Comparing a Comprehensive U.S. Natural Disaster Database
Global climatic change, it is commonly asserted, will make extreme weather events morefrequent and more damaging. How local economies can adapt to mitigate the consequences of such events, reduce the hazards, and become more resilient are open questions, as are the roles of policies such as disaster insurance and emergency relief. A major concern is that such collective responses will dampen individual incentives to take precautions, for example, by pre-emptively avoiding hazardous areas. Examining responses to actual natural disasters under differing policy regimes promises to shed valuable light of these important issues.
Looking at United States over the 20th century is a good environment in which to begin such an exploration. With its relatively sophisticated statistical system, the United States has a virtually unparalleled database of local economic activity over an extensive and varied physical environment. It also has relatively well documented record over the 20th century of a wide range of natural disasters, including earthquakes, tidal waves, volcanic eruptions, hurricanes, blizzards, tornados, droughts, forest fires, among other events. The record of events in prior centuries is far more spotty.
With the rise of big government over the 20th century, the federal government has assumed much greater responsibilities for providing disaster relief. In the late 19th and early 20th centuries, the federal and even the state governments did little to help their citizens in response to natural disasters. One well-known example of this laissez faire approach was the veto by President Grover Cleveland on Feb. 1887 of a bill to provide funding for drought-stricken Texas farmers to purchase seed corn. Providing disaster assistance was considered the domain of private charities funded by voluntary contributions.
Over the early 20th century and especially after the First World War, non-governmental organizations such as the American National Red Cross developed the capacity to address very large natural calamities. The relief effort in response to Great Mississippi Flood of 1927 is a leading example. But with Franklin D. Roosevelt’s New Deal in the 1930s, the role of the federal government to provide for the “general welfare” of the American people greatly expanded. After World War Two and especially after the Cold War, the nation-state assumed core responsibilities for the management of emergencies, ranging from nuclear attacks to natural 1 disasters. The formation of the Federal Emergency Management Agency (FEMA) in 1979 was the capstone of this policy shift. Thus, the U.S. example provides a valuable opportunity to investigate population and economic responses to natural disasters under different specific policy regimes in a setting with relatively good records and a fundamentally stable general institutional environment.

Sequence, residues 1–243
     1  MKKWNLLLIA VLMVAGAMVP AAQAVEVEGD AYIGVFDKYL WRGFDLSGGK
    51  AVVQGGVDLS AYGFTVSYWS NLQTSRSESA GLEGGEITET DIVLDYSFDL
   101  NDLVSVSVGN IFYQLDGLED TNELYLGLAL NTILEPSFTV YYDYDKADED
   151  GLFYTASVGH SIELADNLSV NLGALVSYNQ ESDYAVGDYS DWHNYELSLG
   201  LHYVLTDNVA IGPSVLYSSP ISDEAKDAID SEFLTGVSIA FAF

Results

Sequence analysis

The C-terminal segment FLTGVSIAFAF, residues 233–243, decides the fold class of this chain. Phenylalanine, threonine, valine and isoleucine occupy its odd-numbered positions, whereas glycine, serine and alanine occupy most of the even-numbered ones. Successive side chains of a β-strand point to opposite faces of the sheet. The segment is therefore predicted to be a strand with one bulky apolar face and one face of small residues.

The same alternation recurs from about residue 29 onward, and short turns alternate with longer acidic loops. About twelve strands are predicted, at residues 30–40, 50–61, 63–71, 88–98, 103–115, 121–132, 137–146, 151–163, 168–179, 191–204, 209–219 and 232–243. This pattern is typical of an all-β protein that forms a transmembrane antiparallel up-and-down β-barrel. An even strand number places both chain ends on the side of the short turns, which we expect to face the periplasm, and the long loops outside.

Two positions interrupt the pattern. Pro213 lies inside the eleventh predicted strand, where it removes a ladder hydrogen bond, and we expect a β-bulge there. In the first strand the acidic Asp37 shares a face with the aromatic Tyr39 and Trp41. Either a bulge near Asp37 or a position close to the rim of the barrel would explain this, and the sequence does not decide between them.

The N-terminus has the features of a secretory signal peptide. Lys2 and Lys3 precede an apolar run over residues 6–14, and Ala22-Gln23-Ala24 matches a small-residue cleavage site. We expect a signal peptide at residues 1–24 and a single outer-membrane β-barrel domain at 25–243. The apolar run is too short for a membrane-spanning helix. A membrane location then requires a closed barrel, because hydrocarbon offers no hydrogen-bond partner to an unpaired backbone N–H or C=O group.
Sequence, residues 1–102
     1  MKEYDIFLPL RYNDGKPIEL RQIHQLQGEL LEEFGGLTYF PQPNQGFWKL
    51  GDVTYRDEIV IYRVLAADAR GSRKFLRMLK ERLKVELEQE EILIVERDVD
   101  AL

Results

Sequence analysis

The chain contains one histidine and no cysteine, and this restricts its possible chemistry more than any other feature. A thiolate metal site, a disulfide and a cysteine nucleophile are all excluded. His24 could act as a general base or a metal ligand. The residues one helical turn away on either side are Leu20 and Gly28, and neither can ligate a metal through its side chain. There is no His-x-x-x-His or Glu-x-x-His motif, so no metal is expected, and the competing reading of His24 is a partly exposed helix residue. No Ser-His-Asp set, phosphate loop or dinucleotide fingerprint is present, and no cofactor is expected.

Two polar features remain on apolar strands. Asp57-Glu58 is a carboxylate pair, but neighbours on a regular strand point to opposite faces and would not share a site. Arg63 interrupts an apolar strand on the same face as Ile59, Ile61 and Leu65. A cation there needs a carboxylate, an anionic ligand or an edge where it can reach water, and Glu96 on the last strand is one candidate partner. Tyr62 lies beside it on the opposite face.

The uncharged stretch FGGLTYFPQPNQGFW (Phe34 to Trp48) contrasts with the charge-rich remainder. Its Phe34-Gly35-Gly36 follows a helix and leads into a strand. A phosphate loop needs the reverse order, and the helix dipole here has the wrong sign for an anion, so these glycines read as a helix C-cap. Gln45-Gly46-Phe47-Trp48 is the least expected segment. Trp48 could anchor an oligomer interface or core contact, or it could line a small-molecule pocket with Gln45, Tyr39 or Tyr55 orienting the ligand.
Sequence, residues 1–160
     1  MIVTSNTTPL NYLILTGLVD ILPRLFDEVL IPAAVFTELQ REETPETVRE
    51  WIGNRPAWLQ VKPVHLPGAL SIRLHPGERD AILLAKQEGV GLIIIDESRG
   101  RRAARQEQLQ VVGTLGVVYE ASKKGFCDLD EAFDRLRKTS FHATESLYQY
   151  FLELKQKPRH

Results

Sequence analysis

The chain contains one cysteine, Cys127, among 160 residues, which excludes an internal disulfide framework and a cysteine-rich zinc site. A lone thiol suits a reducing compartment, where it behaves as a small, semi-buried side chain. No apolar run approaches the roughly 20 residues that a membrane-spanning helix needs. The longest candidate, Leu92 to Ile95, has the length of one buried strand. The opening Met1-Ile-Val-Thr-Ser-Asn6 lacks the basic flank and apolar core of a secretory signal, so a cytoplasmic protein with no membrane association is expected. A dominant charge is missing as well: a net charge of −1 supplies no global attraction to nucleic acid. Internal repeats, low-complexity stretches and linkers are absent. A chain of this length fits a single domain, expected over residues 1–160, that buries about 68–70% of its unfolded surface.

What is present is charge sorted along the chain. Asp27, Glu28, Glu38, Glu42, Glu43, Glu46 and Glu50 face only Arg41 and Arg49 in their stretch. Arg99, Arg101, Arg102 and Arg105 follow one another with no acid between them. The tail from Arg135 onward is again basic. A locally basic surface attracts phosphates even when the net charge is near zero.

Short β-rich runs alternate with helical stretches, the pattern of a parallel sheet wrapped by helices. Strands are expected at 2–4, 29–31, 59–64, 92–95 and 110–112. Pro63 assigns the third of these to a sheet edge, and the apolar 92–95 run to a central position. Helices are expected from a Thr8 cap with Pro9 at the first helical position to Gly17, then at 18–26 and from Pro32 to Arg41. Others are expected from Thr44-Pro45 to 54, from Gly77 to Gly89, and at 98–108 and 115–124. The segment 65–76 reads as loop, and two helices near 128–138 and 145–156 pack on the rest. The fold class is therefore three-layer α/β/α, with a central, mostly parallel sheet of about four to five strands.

Leah Platt Boustan (UCLA), Matthew Kahn (UCLA) and I have begun to work on these issues. See Leah Platt Boustan, Matthew E. Kahn, and Paul W. Rhode, “Moving to Higher Ground: Migration Response to Natural Disasters in the Early Twentieth Century” American Economic Review, Papers and Proceedings, (May 2012) pp. 238-44.
The rub is that while the available U.S. record on natural disasters is good by international standards, we find more research will be required to create a consistent series of disasters of comparable magnitudes. The bad news is that the FEMA has an online listing of major disaster declarations with the type of disaster and detailed location information only after 1964. And the other U.S. sources are not much better. The good news is that the archival records of FEMA’s predecessors (such as the Office of Civil Defense) held in the National Archives at College Park, Maryland allows one to push the official records back systematically into the early 1950s and in a more piecemeal way into the late 1940s. The records of the Small Business Administration provide enhanced coverage of lessor disasters. And more importantly, the voluminous files of the disaster relief efforts of the American National Red Cross, also held in the National Archives in College Park, allow one to create a database of disasters, covering type, detailed location, impact (including deaths and damage), and relief efforts (if any), back to the early 1920s. By combining data from these governmental and non-governmental sources and comparing the records with information from the National Weather Service and US Geological Survey, we can seek to create a comprehensive and consistent database on natural disasters extending over most of the 20th century. These data should be useful to graduate students and scholars exploring the effects of local-area shocks on a wide range of economic behaviors.